Especially in Sierra Leone and Liberia, the Ebola news gets worse and worse, with victims and deaths seeming to grow exponentially. Yet the disease does not appear to have spread east along the Gulf of Guinea from Liberia. Given the general porosity of African national boundaries, why and how has the march of the disease seemingly stopped at the Liberia/Ivory Coast border? (In Nigeria, the index case arrived in Lagos directly by air from Monrovia; all of the Ebola cases in the country appear to have been related to him, and his contacts have been traced and quarantined.) Read more »

Boko Haram’s Abubakar Shekau Dead or Alive?

by John Campbell
A poster advertising for the search of Boko Haram leader Abubakar Shekau is pasted on a wall in Baga village on the outskirts of Maiduguri, in the north-eastern state of Borno May 13, 2013. (Tim Cocks/Courtesy Reuters) A poster advertising for the search of Boko Haram leader Abubakar Shekau is pasted on a wall in Baga village on the outskirts of Maiduguri, in the north-eastern state of Borno May 13, 2013. (Tim Cocks/Courtesy Reuters)

With his gruesome videos and fierce rhetoric, Abubakar Shekau is the public face of Boko Haram, the Islamist insurrection against the Nigerian secular state centered in Borno, Yobe and Adamawa states. However, there is little hard intelligence on the internal dynamics of Boko Haram’s leadership. Read more »

HIV/AIDS, South Africa, and the United States

by John Campbell
U.S. Secretary of State Hillary Clinton talks with South Africa's Health Minister Aaron Motsoaledi after attending a PEPFAR (U.S. President's Emergency Plan for AIDS Relief) Transition Signing, at Delft South Clinic in Delft South, a suburb of Cape Town, August 8, 2012. (Jacquelyn Martin-Pool/Courtesy Reuters) U.S. Secretary of State Hillary Clinton talks with South Africa's Health Minister Aaron Motsoaledi after attending a PEPFAR (U.S. President's Emergency Plan for AIDS Relief) Transition Signing, at Delft South Clinic in Delft South, a suburb of Cape Town, August 8, 2012. (Jacquelyn Martin-Pool/Courtesy Reuters)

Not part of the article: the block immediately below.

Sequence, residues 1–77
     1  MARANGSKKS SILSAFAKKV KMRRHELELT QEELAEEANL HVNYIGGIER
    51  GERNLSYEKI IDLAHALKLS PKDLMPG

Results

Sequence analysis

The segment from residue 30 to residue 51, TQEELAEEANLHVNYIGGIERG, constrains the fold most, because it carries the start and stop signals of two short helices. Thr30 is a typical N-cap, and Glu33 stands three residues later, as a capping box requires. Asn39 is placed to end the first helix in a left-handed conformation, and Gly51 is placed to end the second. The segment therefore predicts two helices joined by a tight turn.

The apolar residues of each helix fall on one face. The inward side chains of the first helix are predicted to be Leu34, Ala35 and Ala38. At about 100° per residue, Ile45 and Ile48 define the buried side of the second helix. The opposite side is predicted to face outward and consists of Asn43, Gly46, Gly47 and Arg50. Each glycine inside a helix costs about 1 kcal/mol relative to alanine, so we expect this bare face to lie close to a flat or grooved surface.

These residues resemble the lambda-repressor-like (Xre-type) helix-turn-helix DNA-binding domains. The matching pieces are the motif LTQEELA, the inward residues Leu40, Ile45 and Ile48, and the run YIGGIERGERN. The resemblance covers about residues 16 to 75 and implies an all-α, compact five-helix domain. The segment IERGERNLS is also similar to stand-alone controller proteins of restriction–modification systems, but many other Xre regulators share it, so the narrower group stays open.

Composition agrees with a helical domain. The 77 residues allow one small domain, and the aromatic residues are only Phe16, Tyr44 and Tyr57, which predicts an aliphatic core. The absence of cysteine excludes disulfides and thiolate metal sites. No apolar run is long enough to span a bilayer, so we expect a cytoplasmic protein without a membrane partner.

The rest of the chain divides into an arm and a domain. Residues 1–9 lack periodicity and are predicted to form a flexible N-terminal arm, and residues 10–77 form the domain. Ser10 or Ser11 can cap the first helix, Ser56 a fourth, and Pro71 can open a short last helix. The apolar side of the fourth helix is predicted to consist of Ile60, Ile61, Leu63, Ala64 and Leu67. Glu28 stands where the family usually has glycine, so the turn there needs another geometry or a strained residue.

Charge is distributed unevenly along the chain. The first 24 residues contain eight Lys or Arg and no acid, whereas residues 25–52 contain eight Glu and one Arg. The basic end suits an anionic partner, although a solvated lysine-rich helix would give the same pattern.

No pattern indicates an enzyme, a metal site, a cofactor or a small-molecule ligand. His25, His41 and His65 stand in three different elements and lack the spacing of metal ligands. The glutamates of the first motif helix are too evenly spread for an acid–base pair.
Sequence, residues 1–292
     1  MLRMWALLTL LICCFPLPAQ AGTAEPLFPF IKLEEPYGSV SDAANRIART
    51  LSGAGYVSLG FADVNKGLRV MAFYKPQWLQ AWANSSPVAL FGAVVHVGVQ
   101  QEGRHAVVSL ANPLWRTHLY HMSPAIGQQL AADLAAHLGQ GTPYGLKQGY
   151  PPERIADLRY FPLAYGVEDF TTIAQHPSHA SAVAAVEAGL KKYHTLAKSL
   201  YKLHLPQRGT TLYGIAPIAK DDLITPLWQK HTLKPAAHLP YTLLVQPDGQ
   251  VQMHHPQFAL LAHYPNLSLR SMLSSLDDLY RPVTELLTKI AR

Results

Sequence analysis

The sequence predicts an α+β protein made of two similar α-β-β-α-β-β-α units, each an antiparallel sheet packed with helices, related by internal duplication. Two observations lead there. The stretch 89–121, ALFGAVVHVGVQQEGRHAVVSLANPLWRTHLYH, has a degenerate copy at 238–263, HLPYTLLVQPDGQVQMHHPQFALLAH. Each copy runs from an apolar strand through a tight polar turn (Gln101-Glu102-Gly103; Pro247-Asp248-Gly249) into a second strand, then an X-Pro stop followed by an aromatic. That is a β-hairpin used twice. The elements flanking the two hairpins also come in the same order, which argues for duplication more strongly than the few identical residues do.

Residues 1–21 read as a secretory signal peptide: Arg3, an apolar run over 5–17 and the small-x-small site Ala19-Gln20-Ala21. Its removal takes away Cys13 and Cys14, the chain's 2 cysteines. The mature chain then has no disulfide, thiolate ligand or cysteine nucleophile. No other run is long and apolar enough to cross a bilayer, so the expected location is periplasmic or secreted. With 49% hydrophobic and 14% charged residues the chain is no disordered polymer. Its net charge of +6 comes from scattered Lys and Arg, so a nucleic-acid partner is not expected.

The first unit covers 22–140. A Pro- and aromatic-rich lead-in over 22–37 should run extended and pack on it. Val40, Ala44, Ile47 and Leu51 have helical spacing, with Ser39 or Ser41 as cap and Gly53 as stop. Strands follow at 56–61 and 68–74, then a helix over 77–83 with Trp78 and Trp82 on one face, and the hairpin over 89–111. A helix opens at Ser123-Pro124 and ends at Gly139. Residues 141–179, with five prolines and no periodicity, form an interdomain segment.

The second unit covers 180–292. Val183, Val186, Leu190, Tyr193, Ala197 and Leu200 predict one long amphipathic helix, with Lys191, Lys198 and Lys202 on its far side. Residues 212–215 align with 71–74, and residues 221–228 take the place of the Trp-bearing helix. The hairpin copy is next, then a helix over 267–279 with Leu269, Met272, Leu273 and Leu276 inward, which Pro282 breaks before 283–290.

In the aftermath of the miracle of a democratic transition from apartheid to “non-racial” democracy, South Africa faced a disease nightmare. During the presidencies of Nelson Mandela and his successor, Thabo Mbeki, up to a third of some population groups in South Africa were victims of HIV/AIDS. Deaths soared, and the national life expectancy dropped by a decade. Read more »

Africa, The Summit and Development

by Guest Blogger for John Campbell
U.S. President Barack Obama (bottom row, C) waits to depart with other leaders after a family photo for the U.S.-Africa Leaders Summit at the U.S. State Department in Washington, August 6, 2014. (Larry Downing/Courtesy Reuters) U.S. President Barack Obama (bottom row, C) waits to depart with other leaders after a family photo for the U.S.-Africa Leaders Summit at the U.S. State Department in Washington, August 6, 2014. (Larry Downing/Courtesy Reuters)